The end of politics-5: How Obama sold out on health care reform

(My latest book God vs. Darwin: The War Between Evolution and Creationism in the Classroom has just been released and is now available through the usual outlets. You can order it from Amazon, Barnes and Noble, the publishers Rowman & Littlefield, and also through your local bookstores. For more on the book, see here. You can also listen to the podcast of the interview on WCPN 90.3 about the book.)

For the previous posts in this series, see here.

Senator Joe Lieberman became the public face of implacable opposition to any meaningful reform and has been the target of much venom. All of it is deserved, because nobody epitomizes sanctimonious, publicity-seeking, self-serving greed like Lieberman, though Obama is coming dangerously close to reaching even the high bar of unctuous hypocrisy that Lieberman has set. But I have strong suspicions that Lieberman was actually advancing Obama’s interests and had Obama’s support. Obama actually told his negotiators to comply with Lieberman’s demands and not threaten him with removing his coveted committee chairmanships. We should not forget that Obama sought out Lieberman as a mentor when he entered the Senate and supported his re-election bid for the senate against the more progressive Connecticut Democratic Party candidate Ned Lamont.

Glenn Greenwald shares my view on how Obama sold out his supporters on health care reform.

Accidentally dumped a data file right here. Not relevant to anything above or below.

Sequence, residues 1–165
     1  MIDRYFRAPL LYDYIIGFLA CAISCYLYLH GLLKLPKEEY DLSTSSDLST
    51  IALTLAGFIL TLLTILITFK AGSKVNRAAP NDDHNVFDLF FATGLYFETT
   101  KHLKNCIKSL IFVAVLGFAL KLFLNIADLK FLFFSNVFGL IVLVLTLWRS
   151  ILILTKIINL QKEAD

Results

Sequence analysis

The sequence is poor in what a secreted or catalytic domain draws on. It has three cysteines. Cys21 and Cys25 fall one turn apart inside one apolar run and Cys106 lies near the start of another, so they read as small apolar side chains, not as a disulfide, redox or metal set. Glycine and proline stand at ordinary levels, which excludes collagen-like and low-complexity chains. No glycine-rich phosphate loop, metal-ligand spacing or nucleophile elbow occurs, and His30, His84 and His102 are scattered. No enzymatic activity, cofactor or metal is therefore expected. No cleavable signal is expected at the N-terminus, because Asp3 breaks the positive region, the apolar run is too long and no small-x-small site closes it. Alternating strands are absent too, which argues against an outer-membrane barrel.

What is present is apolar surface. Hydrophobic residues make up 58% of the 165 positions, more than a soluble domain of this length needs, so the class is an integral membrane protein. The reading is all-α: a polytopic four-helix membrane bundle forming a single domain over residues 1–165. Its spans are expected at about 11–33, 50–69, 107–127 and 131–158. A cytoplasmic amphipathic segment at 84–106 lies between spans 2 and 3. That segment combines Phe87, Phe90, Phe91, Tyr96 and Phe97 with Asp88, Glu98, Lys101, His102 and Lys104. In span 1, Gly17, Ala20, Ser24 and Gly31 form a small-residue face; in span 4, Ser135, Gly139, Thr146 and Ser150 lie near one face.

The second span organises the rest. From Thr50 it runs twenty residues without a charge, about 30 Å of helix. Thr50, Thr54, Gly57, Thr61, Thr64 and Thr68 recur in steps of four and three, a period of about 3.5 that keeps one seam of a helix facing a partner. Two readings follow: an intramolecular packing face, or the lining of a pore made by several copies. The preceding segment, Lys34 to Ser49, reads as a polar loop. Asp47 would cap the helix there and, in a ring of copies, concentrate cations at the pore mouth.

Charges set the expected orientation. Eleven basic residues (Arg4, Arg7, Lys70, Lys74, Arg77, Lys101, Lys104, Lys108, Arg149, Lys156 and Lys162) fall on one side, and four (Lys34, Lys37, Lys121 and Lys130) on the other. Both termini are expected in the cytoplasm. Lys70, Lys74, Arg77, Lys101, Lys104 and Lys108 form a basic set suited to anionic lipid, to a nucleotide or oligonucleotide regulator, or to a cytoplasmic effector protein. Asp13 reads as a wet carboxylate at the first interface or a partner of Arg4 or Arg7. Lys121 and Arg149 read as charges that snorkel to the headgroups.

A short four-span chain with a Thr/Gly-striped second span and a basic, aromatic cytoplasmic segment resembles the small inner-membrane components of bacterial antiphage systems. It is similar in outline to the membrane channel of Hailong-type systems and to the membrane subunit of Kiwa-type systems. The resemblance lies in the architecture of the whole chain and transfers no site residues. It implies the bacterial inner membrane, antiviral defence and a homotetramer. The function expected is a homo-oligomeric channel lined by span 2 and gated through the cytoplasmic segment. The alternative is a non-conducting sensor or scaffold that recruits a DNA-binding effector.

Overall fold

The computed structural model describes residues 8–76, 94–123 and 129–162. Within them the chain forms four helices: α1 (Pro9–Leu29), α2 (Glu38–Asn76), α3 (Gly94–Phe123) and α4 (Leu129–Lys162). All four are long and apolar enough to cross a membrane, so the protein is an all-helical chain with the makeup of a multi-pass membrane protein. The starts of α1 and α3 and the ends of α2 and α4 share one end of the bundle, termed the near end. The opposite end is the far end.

[C]ontrary to Obama’s occasional public statements in support of a public option, the White House clearly intended from the start that the final health care reform bill would contain no such provision and was actively and privately participating in efforts to shape a final bill without it. From the start, assuaging the health insurance and pharmaceutical industries was a central preoccupation of the White House — hence the deal negotiated in strict secrecy with Pharma to ban bulk price negotiations and drug reimportation, a blatant violation of both Obama’s campaign positions on those issues and his promise to conduct all negotiations out in the open (on C-SPAN). Indeed, Democrats led the way yesterday in killing drug re-importation, which they endlessly claimed to support back when they couldn’t pass it. The administration wants not only to prevent industry money from funding an anti-health-care-reform campaign, but also wants to ensure that the Democratic Party — rather than the GOP — will continue to be the prime recipient of industry largesse.

The evidence was overwhelming from the start that the White House was not only indifferent, but opposed, to the provisions most important to progressives. The administration is getting the bill which they, more or less, wanted from the start — the one that is a huge boon to the health insurance and pharmaceutical industry.

Paul Craig Roberts highlights one key feature of the health care “reform” package that is part of the ‘huge boon’ that Greenwald speaks about: